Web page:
he treasures of the very interesting museum of this college a precious relic, a brick from the Chesterfield jail, a votive shrine of religious liberty, as the prison of Baptist apostles. Foote, the Presbyterian historian, asserts that under the provisions of the Act of Toleration—first William and Mary, 1689—the minister, Francis Makemie (who was also a merchant), was the first Dissenter licensed to hold meetings in Virginia, the date being October, 1699, and the places his three houses at Pocomoke, Accomack town, and Onancock. Foote's Sketches, first series, pages 51-52. It is well known that the Quakers were quite numerous in Nansemond, Norfolk, and Isle of Wight counties about the middle of the seventeenth century. John Pleasants, the ancestor of the worthy family of the name in this country, emigrated from Norwich, England, to Virginia in 1665, and settled in Henrico county in 1668. In the records of the county, of date October 1, 1692, appears the following: John P
From the Eastern Shore. piratical expedition of the Yankees — property stolen and vessels burnt — a Sharp skirmish, &c. [Correspondence of the Richmond Dispatch.] Northampton Co., Va., Aug, 6, 1861. The Yankee hirelings, in pursuance of their programme, on Wednesday last entered the Pocomoke River with three steamers and two barges, and landing about two hundred and fifty of their men, marched a mile or two into Accomac. They were met by a few members of a volunteer company in the neighborhood, and after exchanging their rounds retreated to their boats — not, however, before they had robbed a store in the neighborhood of about $300. The same day they appeared at Chesinessick, lower down the county, and after killing a few sheep and towing away a vessel or two, disappeared from the neighborhood. On Friday they appeared in Cherrystone Creek, in this county, and continued their wanton and unprovoked destruction of private property by boarding and burning two <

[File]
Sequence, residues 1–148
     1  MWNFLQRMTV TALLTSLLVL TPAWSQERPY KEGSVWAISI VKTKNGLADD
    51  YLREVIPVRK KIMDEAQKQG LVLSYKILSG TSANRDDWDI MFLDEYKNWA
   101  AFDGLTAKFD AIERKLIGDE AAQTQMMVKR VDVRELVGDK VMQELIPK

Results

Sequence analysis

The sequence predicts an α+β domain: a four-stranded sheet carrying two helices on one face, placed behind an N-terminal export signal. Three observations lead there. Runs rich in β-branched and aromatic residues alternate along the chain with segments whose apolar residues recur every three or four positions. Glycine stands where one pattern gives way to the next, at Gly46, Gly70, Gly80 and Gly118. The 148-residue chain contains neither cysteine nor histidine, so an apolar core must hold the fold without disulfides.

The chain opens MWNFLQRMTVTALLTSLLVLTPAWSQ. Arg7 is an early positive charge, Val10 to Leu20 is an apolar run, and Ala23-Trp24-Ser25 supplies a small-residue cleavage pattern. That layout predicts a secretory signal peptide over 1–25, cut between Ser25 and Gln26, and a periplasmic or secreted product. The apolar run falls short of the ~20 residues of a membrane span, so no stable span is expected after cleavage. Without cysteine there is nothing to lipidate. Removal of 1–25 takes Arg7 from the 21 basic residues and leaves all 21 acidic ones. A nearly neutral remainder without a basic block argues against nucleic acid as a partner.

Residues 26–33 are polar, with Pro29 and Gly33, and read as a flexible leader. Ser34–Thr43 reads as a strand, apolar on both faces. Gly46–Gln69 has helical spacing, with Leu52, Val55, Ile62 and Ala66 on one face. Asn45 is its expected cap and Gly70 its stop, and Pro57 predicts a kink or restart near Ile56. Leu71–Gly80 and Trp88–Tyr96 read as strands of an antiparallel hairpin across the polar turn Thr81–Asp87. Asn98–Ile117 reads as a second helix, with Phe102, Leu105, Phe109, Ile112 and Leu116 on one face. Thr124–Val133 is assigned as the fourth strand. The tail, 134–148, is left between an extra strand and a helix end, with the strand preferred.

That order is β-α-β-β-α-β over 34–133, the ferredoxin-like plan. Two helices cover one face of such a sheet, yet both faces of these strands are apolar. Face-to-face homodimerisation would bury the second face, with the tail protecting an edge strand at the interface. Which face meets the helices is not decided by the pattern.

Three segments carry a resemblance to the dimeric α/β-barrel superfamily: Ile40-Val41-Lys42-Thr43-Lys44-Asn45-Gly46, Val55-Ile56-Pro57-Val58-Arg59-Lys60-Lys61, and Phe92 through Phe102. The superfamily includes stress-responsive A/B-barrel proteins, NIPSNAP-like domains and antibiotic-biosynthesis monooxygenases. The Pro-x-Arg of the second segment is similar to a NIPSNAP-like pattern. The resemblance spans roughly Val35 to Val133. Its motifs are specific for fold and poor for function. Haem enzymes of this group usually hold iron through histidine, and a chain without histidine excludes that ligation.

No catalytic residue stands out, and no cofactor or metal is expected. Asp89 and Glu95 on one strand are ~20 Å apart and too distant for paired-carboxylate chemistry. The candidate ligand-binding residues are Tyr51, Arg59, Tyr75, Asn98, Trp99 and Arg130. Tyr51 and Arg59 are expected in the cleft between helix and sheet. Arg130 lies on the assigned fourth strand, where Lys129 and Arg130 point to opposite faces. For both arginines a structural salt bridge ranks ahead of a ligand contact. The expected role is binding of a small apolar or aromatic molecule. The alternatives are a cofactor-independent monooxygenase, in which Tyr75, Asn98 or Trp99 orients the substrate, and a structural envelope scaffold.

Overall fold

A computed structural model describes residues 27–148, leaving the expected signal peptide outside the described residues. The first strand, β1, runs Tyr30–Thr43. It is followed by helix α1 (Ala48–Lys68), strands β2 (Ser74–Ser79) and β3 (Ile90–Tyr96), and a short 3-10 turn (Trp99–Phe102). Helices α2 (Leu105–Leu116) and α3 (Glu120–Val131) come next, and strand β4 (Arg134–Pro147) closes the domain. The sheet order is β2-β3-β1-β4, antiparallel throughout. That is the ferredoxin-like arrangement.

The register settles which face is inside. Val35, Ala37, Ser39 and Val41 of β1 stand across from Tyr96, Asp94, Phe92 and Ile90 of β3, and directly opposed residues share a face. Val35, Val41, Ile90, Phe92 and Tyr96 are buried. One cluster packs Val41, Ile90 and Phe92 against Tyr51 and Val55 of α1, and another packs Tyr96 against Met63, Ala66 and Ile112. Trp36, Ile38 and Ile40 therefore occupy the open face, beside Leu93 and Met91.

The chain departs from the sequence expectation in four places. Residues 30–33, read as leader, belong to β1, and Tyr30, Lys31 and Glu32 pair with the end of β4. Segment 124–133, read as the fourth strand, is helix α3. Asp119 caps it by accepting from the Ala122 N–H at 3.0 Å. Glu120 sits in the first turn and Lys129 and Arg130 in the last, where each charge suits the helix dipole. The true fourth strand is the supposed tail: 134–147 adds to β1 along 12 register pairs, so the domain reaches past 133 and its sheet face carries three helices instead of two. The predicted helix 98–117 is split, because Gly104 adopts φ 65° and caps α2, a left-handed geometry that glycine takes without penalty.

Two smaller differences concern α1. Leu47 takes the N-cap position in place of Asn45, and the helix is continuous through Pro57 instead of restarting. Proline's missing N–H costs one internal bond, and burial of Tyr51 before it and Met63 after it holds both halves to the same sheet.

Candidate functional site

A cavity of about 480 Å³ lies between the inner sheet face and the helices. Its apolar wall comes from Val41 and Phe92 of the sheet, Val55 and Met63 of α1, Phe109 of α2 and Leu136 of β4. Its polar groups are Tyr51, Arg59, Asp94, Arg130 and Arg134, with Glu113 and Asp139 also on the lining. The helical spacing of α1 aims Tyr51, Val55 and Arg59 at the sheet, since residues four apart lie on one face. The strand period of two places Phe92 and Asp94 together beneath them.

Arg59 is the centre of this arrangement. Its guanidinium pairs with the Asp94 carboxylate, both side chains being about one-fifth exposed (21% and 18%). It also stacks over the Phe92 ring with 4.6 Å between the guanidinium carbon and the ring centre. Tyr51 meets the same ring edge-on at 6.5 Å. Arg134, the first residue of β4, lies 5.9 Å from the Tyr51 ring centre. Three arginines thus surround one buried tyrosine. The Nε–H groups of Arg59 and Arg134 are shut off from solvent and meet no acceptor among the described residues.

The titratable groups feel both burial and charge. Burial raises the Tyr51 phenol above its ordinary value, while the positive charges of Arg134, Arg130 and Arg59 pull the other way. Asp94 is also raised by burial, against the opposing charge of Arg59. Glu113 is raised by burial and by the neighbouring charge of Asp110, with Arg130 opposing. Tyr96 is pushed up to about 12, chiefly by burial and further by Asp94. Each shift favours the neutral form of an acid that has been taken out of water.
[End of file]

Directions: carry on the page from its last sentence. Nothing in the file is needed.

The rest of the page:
th the deepest feelings of mortification we see the glorious flag of our country, which for more than eighty years has waved over the happiest people on earth, now desecrated by being used to hide the cloven foot of black abolitionism. The Pocomoke expedition. The Old Point correspondent of the Pennsylvania Inquirer, who accompanied the Federal expedition to Pocomoke river, admits that they were driven off three times by the Confederates and finally compelled to retreat to Fortress MonrPocomoke river, admits that they were driven off three times by the Confederates and finally compelled to retreat to Fortress Monroe. The Fanny Cadwallader, one of the gun-boats, got aground and narrowly escaped capture. The narrative, however, abounds with lies. A letter, published in another column of the Dispatch, gives all the facts. "Played out." Under this caption, the Baltimore South exposes the falsity of the representations coming from Washington in regard to the filling up of the depleted ranks of the "grand army." After giving the causes which reduced that army to its present condition, and showing t